juvenile crime, juvenile sex offender, DuPage County family law, family lawyer, IllinoisMany people can undoubtedly relate to a situation in which they have made a poor decision as a juvenile. Though the activities associated with poor judgment as adolescents may vary in degree and seriousness, most individuals involved in such a situation usually see the error of their ways, learn, and move on. Others are not as lucky. In fact, some of those juveniles seem to deal with the consequences of a bad decision for the rest of their lives. One such situation involves juveniles who are required to register as sex offenders.

The Troubling Statistics

A study recently released by the Illinois Juvenile Justice Commission states that the requirement for juveniles to register as sex offenders interferes with the juvenile’s efforts at rehabilitation and punishes them for a crime that the majority never commit again. The Commission is recommending banning the practice of adding juveniles’ names to sex offender registries who are under the age of 17. Currently, all juveniles convicted of sex crimes are required to register, and 70 percent of them must do so for life.

...

Posted on in Family Law

marriage license, Illinois, same sex marriage, same-sex marriage, gay marriage, new law, Illinois lawThe issue of same-sex marriage has been a frequent topic in the news in recent years. Both federal courts and state courts have made decisions regarding its legality over the last few years, with several states, including Illinois, deciding to make gay marriage legal and issuing marriage licenses to same-sex couples. Now, it is suggested that Illinois may start issuing marriage licenses sooner than expected.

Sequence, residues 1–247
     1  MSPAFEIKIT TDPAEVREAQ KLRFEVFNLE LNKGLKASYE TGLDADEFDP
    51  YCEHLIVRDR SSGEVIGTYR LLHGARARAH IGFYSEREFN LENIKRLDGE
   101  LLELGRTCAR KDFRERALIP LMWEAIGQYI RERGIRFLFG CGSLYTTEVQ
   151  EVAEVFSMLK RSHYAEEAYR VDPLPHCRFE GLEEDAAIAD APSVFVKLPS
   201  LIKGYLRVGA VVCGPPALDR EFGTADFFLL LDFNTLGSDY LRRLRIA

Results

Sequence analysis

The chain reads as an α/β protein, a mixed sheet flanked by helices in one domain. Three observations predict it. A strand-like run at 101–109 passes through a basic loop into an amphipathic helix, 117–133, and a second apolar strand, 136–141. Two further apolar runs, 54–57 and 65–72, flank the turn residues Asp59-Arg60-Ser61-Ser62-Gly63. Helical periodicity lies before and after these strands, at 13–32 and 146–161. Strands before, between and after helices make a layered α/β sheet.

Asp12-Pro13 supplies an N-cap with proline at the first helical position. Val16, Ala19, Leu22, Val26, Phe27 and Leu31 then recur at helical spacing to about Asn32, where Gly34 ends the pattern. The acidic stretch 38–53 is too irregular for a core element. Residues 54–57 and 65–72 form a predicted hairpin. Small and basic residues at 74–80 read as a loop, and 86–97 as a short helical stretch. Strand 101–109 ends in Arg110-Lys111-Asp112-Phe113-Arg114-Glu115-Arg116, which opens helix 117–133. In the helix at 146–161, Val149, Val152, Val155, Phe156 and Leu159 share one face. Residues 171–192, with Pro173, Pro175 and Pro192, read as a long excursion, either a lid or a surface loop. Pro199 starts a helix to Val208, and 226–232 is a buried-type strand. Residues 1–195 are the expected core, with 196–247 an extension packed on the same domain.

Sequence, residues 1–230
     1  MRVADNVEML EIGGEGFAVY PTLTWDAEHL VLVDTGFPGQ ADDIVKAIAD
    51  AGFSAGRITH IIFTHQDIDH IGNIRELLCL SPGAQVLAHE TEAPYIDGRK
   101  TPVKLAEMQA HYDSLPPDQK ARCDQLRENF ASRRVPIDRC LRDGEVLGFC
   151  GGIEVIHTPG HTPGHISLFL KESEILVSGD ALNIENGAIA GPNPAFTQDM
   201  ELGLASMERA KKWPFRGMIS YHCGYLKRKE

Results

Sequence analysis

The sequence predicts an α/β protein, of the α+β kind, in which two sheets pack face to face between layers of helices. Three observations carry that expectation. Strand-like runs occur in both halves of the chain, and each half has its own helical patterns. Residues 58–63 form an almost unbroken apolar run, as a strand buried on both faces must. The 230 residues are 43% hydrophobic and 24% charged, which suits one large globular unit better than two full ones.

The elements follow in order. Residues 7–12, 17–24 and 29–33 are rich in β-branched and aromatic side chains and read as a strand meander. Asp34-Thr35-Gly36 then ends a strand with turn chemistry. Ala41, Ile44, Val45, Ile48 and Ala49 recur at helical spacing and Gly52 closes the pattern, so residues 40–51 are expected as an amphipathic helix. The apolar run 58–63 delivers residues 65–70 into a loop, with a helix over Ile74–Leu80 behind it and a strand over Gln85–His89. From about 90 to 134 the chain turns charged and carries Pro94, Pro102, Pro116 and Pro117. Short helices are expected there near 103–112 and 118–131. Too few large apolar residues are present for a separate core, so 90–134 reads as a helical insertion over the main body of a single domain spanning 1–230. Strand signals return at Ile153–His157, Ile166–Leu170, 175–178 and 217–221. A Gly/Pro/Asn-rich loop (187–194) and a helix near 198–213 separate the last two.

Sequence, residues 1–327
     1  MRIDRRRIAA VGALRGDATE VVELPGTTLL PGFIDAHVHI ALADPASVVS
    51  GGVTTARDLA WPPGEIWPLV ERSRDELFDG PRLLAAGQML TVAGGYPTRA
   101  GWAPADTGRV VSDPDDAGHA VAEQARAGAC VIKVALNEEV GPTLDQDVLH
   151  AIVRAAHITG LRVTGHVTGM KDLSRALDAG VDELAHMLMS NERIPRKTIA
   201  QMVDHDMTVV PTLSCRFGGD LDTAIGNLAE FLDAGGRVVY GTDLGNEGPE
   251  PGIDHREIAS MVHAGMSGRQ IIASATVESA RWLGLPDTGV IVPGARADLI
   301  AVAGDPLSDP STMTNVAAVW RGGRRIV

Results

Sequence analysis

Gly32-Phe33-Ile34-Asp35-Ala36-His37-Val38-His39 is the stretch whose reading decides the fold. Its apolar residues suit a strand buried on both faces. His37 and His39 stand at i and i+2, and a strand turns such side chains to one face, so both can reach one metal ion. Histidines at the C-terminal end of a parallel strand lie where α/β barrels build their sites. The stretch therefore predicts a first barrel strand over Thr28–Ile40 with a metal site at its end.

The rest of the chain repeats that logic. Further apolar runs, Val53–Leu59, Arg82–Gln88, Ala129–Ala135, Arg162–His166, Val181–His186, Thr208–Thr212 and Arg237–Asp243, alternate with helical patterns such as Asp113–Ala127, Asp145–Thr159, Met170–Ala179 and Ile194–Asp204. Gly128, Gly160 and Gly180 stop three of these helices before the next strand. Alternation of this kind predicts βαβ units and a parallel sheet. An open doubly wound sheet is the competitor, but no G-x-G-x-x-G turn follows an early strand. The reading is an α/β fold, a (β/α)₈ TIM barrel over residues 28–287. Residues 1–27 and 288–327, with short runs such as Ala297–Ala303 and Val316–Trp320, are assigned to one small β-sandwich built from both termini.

Counties in Illinois Issuing Same-sex Marriage Licenses

This week, Champaign County in Illinois started to issue marriage licenses to same-sex couples. The decision to do so came after a federal judge in Cook County ruled that same-sex couples in that county did not have to wait until this summer to obtain a marriage license, when the new gay marriage law will take effect in the state of Illinois. Cook County was the first county to issue such licenses, and now McLean County is set to follow suit next week, making it the third county in the state to make the same decision.

...

marriage tips, Illinois divorce lawyer, DuPage County Family lawyer, DuPage divorce attorney, happy marriageThe statistics for the rate of divorce across the country are staggering. While different situations lead to divorce, not all couples who initially consider or plan on divorcing actually go through with it. A recent article published by USA Today examines this fact and considers what makes separated couples give marriage another shot.

Research on the Decision to Divorce

The decision to divorce is usually a hard and complicated one. It often begs the question, “Why do people decide to divorce?” and, other times, “Why do couples sometimes change their minds about getting divorced?” According to the article, new research has been done to examine these questions and shows that there is even uncertainty among those couples who have already filed for divorce.

...